He spoke, “It is finished.” He did NOT speak, “Everything is finished. Nothing else remains.” No, his sacrificial act of love was the beginning. When God asks me to suffer in private during Holy Week, who am I to complain and question why? He asked His own beloved Son to do the same all those years before. His suffering resulted in the salvation of mankind. Am I Jesus or a savior? No. Absolutely not. But I believe in my heart that beneath my difficult Holy Week and Easter Season lies a deeper purpose and plan. A purpose and plan I may be unaware of until the day on which I am raised up and hopefully enter into the Kingdom of God.

I used the inscription by Blessed Giorgio Frassati to caption this post, because this man was a young and vivacious godly man who desire many goods in His earthly life, but died unexpectedly. An avid climber, Frassati captioned a climbing picture with the Italian phrase “Verso L’Alto” meaning “Towards the Top.” Whether God asks you to climb up the mountain or fall down the mountain and back up always strive “Towards the Top.”

How do we strive upwards? Meekness- a quiet strength. A virtue made more and more present in my life during this Lenten and Easter Season.

“Blessed are the meek, for they shall inherit the earth.” -Matthew 5:5

“Take my yoke upon you and learn from me, for I am meek and humble of heart; and you will find rest for yourselves.”- Mathew 11:29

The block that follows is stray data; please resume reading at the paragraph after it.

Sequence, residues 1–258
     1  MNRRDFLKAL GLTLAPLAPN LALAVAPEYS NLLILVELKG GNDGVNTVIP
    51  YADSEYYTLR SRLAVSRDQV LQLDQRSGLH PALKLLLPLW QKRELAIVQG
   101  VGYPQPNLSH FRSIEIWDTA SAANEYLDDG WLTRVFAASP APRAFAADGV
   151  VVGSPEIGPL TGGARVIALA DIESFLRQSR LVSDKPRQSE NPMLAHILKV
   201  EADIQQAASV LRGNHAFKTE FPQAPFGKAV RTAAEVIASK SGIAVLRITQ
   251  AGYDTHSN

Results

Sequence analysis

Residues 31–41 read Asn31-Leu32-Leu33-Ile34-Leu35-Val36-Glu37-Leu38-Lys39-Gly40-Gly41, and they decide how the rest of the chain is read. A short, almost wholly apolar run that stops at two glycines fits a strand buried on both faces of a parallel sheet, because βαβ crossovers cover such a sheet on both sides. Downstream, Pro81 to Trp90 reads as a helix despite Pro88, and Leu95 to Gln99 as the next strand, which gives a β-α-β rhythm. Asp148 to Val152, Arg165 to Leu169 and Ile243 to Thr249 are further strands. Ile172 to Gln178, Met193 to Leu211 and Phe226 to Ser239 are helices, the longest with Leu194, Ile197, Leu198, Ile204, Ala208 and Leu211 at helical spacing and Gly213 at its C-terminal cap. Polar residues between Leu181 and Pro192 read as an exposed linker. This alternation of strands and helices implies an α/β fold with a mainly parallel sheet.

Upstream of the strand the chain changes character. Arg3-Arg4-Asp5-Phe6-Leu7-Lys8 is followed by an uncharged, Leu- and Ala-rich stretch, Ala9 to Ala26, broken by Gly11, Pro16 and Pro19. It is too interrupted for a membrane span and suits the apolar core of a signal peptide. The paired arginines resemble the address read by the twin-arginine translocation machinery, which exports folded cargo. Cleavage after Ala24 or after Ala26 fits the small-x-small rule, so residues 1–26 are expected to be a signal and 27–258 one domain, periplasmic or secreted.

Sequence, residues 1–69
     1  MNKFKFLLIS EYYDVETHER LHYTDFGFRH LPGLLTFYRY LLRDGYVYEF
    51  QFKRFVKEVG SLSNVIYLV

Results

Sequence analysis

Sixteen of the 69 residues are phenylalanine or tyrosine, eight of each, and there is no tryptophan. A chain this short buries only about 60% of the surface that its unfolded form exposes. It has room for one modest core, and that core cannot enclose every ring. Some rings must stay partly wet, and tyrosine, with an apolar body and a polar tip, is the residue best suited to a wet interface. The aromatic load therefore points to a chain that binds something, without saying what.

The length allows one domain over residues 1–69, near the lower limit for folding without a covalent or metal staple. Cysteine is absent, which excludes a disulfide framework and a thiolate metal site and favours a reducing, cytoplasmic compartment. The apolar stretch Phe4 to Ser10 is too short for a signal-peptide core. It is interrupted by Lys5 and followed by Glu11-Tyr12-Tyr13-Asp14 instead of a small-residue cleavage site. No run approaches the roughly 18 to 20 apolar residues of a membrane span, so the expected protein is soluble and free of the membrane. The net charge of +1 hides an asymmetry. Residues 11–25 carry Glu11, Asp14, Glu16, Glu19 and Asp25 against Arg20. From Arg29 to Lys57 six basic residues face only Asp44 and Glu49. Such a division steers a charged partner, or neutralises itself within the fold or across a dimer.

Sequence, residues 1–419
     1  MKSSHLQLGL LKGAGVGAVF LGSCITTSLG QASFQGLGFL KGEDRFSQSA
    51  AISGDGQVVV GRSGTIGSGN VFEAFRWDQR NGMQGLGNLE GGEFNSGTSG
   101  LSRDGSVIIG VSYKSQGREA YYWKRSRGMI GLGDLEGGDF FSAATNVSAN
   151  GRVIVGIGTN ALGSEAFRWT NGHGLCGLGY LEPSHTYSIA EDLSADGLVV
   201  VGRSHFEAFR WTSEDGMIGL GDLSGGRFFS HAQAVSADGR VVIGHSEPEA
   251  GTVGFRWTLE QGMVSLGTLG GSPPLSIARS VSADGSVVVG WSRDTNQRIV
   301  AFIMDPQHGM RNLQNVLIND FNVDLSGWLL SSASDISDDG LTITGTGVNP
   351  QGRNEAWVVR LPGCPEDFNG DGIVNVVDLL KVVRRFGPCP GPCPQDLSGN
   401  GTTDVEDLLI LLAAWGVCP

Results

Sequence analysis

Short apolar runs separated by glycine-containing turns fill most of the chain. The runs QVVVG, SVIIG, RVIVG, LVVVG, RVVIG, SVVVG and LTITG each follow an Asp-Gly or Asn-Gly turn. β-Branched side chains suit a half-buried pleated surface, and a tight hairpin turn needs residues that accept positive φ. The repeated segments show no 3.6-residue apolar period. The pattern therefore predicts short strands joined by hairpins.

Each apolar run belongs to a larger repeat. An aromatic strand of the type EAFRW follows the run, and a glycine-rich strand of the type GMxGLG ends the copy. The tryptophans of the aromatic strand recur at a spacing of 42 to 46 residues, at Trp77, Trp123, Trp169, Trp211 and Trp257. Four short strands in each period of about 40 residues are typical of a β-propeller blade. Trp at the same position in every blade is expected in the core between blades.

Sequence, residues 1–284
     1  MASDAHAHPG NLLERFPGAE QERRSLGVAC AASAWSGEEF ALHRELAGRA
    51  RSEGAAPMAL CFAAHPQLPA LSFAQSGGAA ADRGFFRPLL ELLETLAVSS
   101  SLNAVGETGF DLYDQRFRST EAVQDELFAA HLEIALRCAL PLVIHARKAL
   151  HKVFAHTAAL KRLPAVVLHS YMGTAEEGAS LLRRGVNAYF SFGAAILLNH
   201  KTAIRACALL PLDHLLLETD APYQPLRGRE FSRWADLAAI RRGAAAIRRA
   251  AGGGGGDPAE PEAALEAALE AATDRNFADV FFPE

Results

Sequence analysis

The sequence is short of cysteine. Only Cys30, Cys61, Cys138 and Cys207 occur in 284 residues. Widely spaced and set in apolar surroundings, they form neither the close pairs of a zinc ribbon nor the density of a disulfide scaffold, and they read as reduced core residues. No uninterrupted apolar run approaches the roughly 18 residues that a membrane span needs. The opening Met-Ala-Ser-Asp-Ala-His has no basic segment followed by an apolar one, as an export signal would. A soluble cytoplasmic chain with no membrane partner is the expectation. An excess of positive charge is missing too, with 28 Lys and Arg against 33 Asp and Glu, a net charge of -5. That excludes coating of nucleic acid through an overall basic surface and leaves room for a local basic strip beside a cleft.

DIVINE MERCY NOVENA: DAY 6

Intention: Today bring to Me THE MEEK AND HUMBLE SOULS AND THE SOULS OF LITTLE CHILDREN, and immerse them in My mercy. These souls most closely resemble My Heart. They strengthened Me during My bitter agony. I saw them as earthly Angels, who will keep vigil at My altars. I pour out upon them whole torrents of grace. Only the humble soul is capable of receiving My grace. I favor humble souls with My confidence.

Novena Prayers: Most Merciful Jesus, You yourself have said, “Learn from Me for I am meek and humble of heart.” Receive into the abode of Your Most Compassionate Heart all meek and humble souls and the souls of little children. These souls send all heaven into ecstasy and they are the heavenly Father’s favorites. They are a sweet-smelling bouquet before the throne of God; God Himself takes delight in their fragrance. These souls have a permanent abode in Your Most Compassionate Heart, O Jesus, and they unceasingly sing out a hymn of love and mercy.

Eternal Father, turn Your merciful gaze upon meek souls, upon humble souls, and upon little children who are enfolded in the abode which is the Most Compassionate Heart of Jesus. These souls bear the closest resemblance to Your Son. Their fragrance rises from the earth and reaches Your very throne. Father of mercy and of all goodness, I beg You by the love You bear these souls and by the delight You take in them: Bless the whole world, that all souls together may sing out the praises of Your mercy for endless ages.

Amen.

Yes, Jesus, asked us to Love His Mother!

Mary Quote

I must mention Our Lady during the week of cultivating meekness and weeding out wrath. She provides an important and beautiful example of the profound strength of a meek heart.

Are you seeking intimacy with Christ? Who is a profound example of intimacy with Christ? Who should I turn to? Who should I model? Turn to Your Mother and the Mother of God- Our Lady.